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The Structural Engineer

“ He who considers things in their first growth or origin will obtain the clearest view of them ”-Aristotle. He would be less than human who did not find pleasure in the honour whicli you have done me this evening, and who did not approach the task of being your President with trepidation and even anxiety. I can do no more, however, than thank you sincerely for placing such confidence in me, and assure you that I shall ever be conscious of the honour and of the dignity of my office. I shall seek to discharge my duties to the best of my ability and with the object of promoting the science and art of Structural Engineering to which this Institution is committed. I have high standards to live up to; I hope that in a year’s time I may have been enabled to pass on the seals of my office with undiminished lustre. F. R. Bullen

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The Structural Engineer

THE CHAIRMAN proposed a vote of thanks to the author. Commenting on Mr. Brimer’s apology for having omitted mathematics from the paper, the Chairman said he need not have apologised, for there were some who felt that on occasions such an omission provided the opportunity for members to think more broadly. In any case the Institution was interested in the promotion of the science and art of structural engineering, and perhaps Mr. Brimer had put forward some of the art instead of some of the science. The members were very grateful to him for having contributed the paper, for it had been very interesting to read it and to hear his remarks on what was being done in a country overseas.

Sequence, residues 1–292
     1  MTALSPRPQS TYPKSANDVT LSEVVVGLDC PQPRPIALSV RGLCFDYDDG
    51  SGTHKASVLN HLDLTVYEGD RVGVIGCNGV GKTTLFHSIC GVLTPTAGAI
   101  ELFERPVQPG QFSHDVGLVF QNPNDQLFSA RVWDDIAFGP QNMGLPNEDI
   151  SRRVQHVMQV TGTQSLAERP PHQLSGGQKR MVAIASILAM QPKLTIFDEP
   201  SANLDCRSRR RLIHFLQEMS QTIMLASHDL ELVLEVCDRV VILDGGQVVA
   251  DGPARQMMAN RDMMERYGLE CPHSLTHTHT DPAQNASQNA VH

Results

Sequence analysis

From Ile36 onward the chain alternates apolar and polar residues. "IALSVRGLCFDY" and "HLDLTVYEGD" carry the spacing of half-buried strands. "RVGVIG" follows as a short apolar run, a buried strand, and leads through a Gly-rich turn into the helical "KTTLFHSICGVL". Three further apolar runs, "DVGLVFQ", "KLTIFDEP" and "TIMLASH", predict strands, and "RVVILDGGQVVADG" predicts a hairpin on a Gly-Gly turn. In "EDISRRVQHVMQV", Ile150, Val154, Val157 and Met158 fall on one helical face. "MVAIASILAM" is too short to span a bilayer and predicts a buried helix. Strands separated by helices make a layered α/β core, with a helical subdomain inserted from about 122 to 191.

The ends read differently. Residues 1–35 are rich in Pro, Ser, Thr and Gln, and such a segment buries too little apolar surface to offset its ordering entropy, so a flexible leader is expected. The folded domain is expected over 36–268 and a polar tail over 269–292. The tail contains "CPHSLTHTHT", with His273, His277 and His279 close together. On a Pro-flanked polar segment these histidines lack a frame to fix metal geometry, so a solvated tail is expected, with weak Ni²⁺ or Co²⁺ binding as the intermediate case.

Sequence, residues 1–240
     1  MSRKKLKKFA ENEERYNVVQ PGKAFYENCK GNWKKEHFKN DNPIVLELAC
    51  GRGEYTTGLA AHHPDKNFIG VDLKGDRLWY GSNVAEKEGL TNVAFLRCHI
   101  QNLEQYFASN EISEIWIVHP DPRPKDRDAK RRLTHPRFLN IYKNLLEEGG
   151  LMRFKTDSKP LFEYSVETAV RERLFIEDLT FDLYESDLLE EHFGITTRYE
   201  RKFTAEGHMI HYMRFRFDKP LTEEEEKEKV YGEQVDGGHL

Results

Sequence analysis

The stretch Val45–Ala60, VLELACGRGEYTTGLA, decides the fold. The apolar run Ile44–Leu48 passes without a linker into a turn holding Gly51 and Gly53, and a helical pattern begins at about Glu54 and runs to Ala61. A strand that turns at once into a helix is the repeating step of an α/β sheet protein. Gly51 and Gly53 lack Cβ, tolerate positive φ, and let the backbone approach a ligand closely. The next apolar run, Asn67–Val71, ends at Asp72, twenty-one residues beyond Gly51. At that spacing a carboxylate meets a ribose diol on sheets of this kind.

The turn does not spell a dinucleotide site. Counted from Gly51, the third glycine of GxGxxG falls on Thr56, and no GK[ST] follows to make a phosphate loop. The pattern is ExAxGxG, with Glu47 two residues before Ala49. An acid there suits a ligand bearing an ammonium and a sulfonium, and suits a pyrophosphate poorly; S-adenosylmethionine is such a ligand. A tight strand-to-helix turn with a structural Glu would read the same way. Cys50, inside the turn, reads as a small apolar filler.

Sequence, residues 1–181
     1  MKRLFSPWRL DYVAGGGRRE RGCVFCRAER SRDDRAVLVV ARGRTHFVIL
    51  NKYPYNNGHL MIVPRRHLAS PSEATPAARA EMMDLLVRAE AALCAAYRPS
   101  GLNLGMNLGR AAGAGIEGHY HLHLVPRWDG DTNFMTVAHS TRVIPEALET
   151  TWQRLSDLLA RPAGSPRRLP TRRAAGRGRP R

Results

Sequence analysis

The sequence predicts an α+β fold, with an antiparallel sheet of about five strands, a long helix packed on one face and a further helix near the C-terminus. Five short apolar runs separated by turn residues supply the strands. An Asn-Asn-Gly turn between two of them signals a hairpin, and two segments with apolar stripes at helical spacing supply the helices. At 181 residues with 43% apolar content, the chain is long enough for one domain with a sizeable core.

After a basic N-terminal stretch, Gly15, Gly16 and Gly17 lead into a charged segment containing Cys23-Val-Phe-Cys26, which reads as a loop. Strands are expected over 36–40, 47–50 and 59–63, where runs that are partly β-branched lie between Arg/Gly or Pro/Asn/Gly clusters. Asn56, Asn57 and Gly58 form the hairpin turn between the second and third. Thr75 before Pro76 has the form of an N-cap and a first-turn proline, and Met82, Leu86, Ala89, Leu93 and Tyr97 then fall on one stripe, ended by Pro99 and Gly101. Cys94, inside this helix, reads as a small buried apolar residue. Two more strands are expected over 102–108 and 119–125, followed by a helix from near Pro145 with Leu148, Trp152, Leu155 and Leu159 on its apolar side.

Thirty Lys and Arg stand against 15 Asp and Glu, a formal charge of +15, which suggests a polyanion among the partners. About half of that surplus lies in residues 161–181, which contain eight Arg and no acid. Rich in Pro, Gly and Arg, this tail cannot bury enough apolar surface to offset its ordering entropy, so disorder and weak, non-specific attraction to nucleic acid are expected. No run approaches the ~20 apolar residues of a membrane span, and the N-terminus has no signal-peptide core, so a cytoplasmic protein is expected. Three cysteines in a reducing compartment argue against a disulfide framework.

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The Structural Engineer

The paper describes how the basic structure of concrete can be damaged. Concrete hardens by a rystallisation process and is destroyed by chemicals which dissolve the crystals and physical phenomena which disrupt them. P. E. Halstead

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The Structural Engineer

THE PRESIDENT introduced the authors, who then presented their paper. Mr. Edwards showed a series of pictures of the B.E.A. Engineering Base at the London Airport, and Mr. Rigg illustrated the method of construction and the general progress of the work.

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